On Holy Saturday, the last day of Holy Week, Catholics and Protestants look forward to celebrating our Lord’s resurrection and preparing a feast for family and friends.
You might find my past posts about Holy Saturday helpful in understanding its significance:
Last week, I summarised the first part of English food journalist Mary Berry’s look at Easter food traditions in various countries and denominations, encompassing those in England, Jamaica, Russia and Poland.
The second, concluding part of Mary Berry’s Easter Feast on BBC2 aired this week. Berry’s enthusiasm for Easter as both a religious and gastronomic feast matches mine, which is part of what made the programme so enjoyable.
Christians make special breads at this time of year to recall Jesus as the Bread of Life. Lamb is also popular, as He is the Lamb of God, the once perfect sacrifice for our sins. As the Archbishop of York, the Right Revd John Sentamu explained, ‘Easter is the Passover of the Lord’.
Greece – tsoureki
Berry visited St Sophia’s Cathedral in London, a breathtakingly beautiful Greek Orthodox church.
Fr Savas, the priest who gave her a tour of the cathedral, said that 1,000 faithful normally attend Midnight Mass on Holy Saturday. Everyone takes a lit candle home and blesses their home with the light of the Resurrection.
Fr Savas’s cousin Katarina made the traditional Easter bread — tsoureki — for Berry. It is a plaited (braided) bread with a red coloured hard boiled egg at the top. The three plaits symbolise the Holy Trinity. The egg symbolises Jesus Christ, and the red colour represents His blood that He shed for our redemption.
Tsoureki dough is an enriched one, resembling a brioche. It is flavoured with two spices: one, mastiha, which comes from tree resin and the other, mahlepi, from ground cherry stones which gives it an almond flavour.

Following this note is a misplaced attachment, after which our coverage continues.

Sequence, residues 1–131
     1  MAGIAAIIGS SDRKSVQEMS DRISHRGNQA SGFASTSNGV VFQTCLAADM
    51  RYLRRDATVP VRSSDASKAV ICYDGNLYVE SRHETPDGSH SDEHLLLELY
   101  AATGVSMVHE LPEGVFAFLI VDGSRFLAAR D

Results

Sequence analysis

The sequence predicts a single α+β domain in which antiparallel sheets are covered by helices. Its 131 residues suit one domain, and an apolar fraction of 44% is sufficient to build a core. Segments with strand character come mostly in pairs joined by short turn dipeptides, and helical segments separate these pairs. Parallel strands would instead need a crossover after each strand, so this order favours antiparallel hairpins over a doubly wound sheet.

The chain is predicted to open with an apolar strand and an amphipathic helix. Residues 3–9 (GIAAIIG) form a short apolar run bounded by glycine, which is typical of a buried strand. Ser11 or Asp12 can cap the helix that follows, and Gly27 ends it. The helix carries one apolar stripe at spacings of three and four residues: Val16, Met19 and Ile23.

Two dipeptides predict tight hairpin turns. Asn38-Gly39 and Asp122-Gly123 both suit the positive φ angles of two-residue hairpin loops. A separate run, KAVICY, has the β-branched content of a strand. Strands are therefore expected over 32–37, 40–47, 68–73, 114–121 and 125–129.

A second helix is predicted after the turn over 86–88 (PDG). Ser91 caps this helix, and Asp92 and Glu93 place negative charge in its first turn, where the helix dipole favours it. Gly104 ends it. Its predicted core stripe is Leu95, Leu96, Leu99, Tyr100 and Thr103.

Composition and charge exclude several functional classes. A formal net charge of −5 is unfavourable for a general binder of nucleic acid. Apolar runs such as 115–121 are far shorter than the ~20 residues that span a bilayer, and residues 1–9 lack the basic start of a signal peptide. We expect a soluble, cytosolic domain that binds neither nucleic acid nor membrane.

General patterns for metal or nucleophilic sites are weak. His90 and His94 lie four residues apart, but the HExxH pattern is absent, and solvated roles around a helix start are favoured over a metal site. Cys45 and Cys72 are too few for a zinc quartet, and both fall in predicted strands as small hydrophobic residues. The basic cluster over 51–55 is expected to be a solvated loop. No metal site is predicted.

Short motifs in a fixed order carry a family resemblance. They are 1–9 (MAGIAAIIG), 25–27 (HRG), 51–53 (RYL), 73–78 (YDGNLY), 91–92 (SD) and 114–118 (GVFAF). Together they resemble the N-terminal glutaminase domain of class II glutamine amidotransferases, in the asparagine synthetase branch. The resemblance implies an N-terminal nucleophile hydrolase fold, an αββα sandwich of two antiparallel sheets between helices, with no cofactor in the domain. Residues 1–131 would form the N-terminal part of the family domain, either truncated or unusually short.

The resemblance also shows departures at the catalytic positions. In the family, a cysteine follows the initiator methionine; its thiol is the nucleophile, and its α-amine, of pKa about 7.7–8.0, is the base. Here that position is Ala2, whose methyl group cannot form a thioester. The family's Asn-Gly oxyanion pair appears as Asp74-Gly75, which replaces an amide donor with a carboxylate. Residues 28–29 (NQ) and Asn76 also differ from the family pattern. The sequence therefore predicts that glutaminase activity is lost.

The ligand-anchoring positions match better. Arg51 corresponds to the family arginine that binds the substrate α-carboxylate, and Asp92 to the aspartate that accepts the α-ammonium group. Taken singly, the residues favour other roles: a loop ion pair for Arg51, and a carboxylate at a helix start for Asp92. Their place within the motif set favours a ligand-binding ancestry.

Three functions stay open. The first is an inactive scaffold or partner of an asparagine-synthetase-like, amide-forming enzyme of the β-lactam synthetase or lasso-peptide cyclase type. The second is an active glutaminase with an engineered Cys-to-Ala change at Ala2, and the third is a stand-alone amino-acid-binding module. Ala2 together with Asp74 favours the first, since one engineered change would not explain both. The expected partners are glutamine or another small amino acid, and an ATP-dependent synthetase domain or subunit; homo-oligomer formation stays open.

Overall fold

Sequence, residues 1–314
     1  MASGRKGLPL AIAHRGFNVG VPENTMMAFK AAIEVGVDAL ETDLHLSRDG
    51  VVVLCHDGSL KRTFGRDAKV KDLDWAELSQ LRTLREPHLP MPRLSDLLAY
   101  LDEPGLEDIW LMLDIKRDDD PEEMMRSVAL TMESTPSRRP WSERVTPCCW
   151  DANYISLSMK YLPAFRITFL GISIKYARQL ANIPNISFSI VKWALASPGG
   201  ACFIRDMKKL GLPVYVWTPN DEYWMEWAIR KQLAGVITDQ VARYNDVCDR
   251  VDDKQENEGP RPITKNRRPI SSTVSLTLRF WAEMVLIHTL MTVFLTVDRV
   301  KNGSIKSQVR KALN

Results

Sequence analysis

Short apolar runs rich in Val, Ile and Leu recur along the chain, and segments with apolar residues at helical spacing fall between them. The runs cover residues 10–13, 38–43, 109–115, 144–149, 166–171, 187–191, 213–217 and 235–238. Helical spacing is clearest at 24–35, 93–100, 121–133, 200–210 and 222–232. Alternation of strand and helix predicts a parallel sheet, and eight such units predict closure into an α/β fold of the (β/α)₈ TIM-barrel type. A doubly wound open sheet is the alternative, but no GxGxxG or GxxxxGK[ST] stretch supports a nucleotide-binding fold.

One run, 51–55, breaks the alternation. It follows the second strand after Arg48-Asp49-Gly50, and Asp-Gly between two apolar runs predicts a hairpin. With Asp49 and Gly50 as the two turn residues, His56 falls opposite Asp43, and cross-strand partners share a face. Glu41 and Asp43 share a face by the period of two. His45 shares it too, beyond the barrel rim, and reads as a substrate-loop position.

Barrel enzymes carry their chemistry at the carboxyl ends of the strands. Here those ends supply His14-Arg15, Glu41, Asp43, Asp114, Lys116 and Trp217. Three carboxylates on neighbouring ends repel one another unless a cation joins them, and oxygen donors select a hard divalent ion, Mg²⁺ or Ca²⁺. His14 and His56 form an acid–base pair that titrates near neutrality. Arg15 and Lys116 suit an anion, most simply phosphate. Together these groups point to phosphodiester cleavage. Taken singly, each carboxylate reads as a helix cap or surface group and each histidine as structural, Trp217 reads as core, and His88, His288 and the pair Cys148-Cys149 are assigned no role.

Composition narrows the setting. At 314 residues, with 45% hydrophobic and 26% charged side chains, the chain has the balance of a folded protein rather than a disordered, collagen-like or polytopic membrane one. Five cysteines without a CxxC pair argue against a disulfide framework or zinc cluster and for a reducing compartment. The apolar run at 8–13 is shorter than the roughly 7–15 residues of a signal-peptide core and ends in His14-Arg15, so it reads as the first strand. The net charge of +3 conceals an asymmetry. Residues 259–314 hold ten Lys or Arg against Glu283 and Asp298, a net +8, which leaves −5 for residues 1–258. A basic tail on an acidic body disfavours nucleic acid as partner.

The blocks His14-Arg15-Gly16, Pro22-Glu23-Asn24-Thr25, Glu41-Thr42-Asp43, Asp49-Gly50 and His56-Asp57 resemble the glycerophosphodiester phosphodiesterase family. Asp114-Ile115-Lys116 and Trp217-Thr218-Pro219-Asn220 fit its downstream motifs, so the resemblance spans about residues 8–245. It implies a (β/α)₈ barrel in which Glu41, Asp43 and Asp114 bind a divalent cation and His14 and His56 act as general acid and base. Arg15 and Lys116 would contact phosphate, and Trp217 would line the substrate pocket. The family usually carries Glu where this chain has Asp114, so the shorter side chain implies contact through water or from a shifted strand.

Before baking, the tsoureki is glazed with egg wash and topped with sesame seeds. My Little Expat Kitchen has a recipe that looks like the one Katarina used.
The Netherlands – Easter Men
With the help of her grandchildren, Berry showed us the Dutch Easter Men recipe that she makes every year.
She saw them many years ago on a trip to Holland around Easter and was intrigued.
Berry likes the simplicity of the one-rise bread dough used to make this charming little bread of a man holding an egg — the risen Christ — in his arms.
Once the dough is risen, Berry portions it out and cuts into each one to shape the head, the arms and the legs. She secures a raw egg in the folded arms and decorates the heads with raisins or blackcurrants for simple facial features. She glazes the men with egg wash and bakes them for 25 minutes. The egg cooks as the bread bakes.
This is a simple, straightforward recipe that children will enjoy. They can help shape the limbs, once cut, and decorate the faces.
The Philippines – lechon
Berry visitied a Catholic Filipina, May, who made her a roast pork dish called lechon, an Easter staple in the Philippines.
May explained that, traditionally, lechon is a whole hog roast. Her father used to roast several hogs at Easter when she was growing up in the Philippines. Friends, neighbours and family would then join in for a massive Easter feast.
For home cooks, May recommends pork belly. She brined one with thyme, crushed lemongrass and bay leaves. After several hours, she removed the pork belly from the brine and patted it completely dry, enabling it to crisp when baking.